Sometimes, however, you may be interested in the median response, or something more general like the cutoff for the top 20 percent of the responses for a given set of predictors. To model such cutoffs, quantile regression excels, and the quantreg package makes it feel a lot like linear regression.

This spotlight includes a simple bivariate normal example, then moves on to a more complex applciation that could be used to track player progression in a video game (e.g. a future digitization of Kudzu).

First, we generate the bivarate normals, where y is the response to x with normal variation, and x is the predictor.

set.seed(12345) x = rnorm(1000) y = x + rnorm(1000)

Since the normal distribution is symmetric, the linear regression and quantile regression about the median should both approximate a slope of 1 and intercept of 0.

lm(y ~ x)$coef (Intercept) x -0.03220106 1.03914825 library(quantreg) rq(y ~ x)$coef (Intercept) x -0.02357192 0.98935700

Furthermore, for other quantile regressions of this dataset, we would expect the slope to remain near 1 and the intercept to approximate the univariate normal quantiles. We expect this because the random variation in y is known to be Norm(0,1).

### 25th and 75th percentiles rq(y ~ x, tau=c(.25,.75)) tau= 0.25 tau= 0.75 (Intercept) -0.729756 0.6756721 x 1.042261 1.0169105 qnorm(c(.25,.75)) -0.6744898 0.6744898 ### 70th, 90th, 95th, 97.5th, 99.5th percentiles rq(y ~ x, tau=c(.7,.9,.95,.975,.995)) tau= 0.700 tau= 0.900 tau= 0.950 tau= 0.975 tau= 0.995 (Intercept) 0.5099463 1.298006 1.545429 1.833121 2.5811008 x 1.0036638 1.043121 1.023059 1.010482 0.8197345 qnorm( c(.7,.9,.95,.975,.995)) 0.5244005 1.2815516 1.6448536 1.9599640 2.5758293

As you might expect. The model behaves unpredicably for extreme quantiles because useful data grows sparse. Finally, we can draw all these quantile regression lines.

mod = rq(y ~ x, tau=c(.25,.5,.7,.9,.95,.975,.995)) coefs = mod$coef plot(y ~ x) abline(h=0) abline(v=0) for(k in 1:ncol(coefs)) { abline(coefs[,k], col="Red", lwd=2) }

For this next example, we are interested in estimating how many players can reach an arbitrary score in a game after playing a certain amount of time. This sort of information is valueable when tuning the difficulty of "reach a score of Y" challenge in a game so that few players can reach the goal right away but most players can after some effort. Consider the best score a player reaches in a game as the response Y and time spent on a challenge as a predictor X.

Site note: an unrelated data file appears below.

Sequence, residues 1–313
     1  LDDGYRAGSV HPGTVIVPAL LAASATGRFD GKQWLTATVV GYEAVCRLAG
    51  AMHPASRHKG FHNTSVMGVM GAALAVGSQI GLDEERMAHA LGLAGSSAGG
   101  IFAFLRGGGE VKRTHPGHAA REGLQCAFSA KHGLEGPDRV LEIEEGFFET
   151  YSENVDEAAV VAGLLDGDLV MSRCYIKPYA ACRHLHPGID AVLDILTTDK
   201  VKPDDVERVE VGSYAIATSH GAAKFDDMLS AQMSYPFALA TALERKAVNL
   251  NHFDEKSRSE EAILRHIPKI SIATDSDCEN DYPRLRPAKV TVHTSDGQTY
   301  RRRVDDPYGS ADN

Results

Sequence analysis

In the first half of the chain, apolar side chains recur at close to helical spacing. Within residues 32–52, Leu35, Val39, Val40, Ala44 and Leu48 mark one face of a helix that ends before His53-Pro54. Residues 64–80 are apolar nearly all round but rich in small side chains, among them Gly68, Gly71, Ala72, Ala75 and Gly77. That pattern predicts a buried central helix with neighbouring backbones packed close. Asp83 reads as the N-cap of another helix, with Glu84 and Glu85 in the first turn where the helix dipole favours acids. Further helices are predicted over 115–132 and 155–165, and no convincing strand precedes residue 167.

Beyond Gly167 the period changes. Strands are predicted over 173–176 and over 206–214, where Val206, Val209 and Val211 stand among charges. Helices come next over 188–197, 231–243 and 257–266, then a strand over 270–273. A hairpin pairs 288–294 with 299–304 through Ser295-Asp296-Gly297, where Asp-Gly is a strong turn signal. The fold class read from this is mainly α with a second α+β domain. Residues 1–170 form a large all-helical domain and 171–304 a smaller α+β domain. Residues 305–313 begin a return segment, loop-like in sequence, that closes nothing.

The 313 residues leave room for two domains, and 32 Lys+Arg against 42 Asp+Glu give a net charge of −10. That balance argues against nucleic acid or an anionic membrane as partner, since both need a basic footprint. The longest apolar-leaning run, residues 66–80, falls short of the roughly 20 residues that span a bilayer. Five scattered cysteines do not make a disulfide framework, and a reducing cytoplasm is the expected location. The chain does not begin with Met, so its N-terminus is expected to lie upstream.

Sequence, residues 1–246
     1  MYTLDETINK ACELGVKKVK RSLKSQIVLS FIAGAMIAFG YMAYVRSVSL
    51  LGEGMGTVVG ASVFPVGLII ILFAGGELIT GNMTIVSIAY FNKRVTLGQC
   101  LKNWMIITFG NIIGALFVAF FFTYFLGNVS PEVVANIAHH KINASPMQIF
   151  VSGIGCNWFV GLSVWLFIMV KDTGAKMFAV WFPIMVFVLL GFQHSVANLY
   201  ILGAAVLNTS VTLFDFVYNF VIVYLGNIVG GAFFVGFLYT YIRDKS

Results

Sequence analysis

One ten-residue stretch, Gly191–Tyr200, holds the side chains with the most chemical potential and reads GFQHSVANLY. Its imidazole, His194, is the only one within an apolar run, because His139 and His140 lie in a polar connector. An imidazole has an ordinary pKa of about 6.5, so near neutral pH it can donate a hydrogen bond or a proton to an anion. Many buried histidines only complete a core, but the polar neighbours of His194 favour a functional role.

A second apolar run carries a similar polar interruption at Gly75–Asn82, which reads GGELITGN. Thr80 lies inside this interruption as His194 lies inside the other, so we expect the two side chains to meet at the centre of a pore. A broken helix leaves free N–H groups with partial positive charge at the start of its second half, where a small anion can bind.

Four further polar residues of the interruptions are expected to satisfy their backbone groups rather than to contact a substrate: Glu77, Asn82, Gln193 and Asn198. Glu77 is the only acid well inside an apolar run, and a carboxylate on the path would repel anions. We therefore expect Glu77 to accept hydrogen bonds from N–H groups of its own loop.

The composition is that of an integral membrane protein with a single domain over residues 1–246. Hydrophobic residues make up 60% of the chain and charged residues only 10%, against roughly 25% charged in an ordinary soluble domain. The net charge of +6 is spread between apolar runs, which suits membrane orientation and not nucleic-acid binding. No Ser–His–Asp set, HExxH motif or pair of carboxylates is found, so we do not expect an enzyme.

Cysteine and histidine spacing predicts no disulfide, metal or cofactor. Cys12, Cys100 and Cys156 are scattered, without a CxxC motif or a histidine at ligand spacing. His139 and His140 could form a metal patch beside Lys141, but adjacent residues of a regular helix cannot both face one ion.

One problem: scores in games do not always increase linearly or in a simple transformation of linear. To handle this, the quantreg package also includes nlrq(), a non-linear quantile regression function. As before, we generate some player data.

#### Make a database of simulated users for our game set.seed(12345) Nusers = 1000 ## An average of 20 minutes played, capped at 100 minutes minutes = rexp(Nusers, rate=1/20) minutes = pmin(minutes,100) #pmin = parallel min ## performance is a function of skill (gamma), luck (norm) and time score = rnorm(Nusers, mean=100,sd=100) + 10*minutes + 0.25*minutes^2 gamedata = data.frame(score,minutes)

Like the non-linear least squares function nls() in base R, nlrq() needs a formula with parameters on which to find an optimum fit. Starting values for the parameters are also needed. The formula can be user-defined function, such as the cubic polynomial function shown here:

### Polynomial degree 3 function polyd3 = function(x,a,b,c) { output = a + b*x + c*x^2 return(output) }

Now, using a flat line at zero our initial curve, we can build a model.

init = list(a=0,b=0,c=0) mod = nlrq(score ~ polyd3(minutes,a,b,c),data=gamedata,start=init,tau=0.5) coefs = summary(mod)$coef coefs Value Std. Error t value Pr(>|t|) a 103.7766248 7.381757743 14.05852 0 b 9.8370123 0.559544019 17.58041 0 c 0.2525046 0.007178738 35.17396 0 coefs[,1] a b c 103.7766248 9.8370123 0.2525046

If you look at the score formula we used in the simulation, the parameters of 100, 10, and 0.25 were all estimated fairly well. Also, the standard error estimates are reasonable, if not a bit conservative in this instance. The nlrq() function depends on summary() for most of the information, which is why the extra steps involving summary are shown here. We can use the formula function defined earlier to make predictions, and the delta method to get standard error of those predictions (delta method not shown).

### Median score after 15 minutes polyd3(x=15,coefs['a',1],coefs['b',1],coefs['c',1]) 308.1454 ### Median score after 100 minutes polyd3(x=100,coefs['a',1],coefs['b',1],coefs['c',1]) 3612.524

attach(gamedata) plot(score ~ minutes, xlab="Time Played (minutes)", ylab="Best Score", cex=0.6) #cex = Character EXpansion mod.10 = nlrq(score ~ polyd3(minutes,a,b,c),start=init,tau=0.1) coefs = summary(mod.10)$coef curve(polyd3(x,coefs['a',1],coefs['b',1],coefs['c',1]), from=0,to=100,col="Red",add=T,lwd=1) mod.50 = nlrq(score ~ polyd3(minutes,a,b,c),start=init,tau=0.5) coefs = summary(mod.50)$coef curve(polyd3(x,coefs['a',1],coefs['b',1],coefs['c',1]), from=0,to=100,col="Red",add=T,lwd=1) mod.90 = nlrq(score ~ polyd3(minutes,a,b,c),start=init,tau=0.9) coefs = summary(mod.90)$coef curve(polyd3(x,coefs['a',1],coefs['b',1],coefs['c',1]), from=0,to=100,col="Red",add=T,lwd=1)

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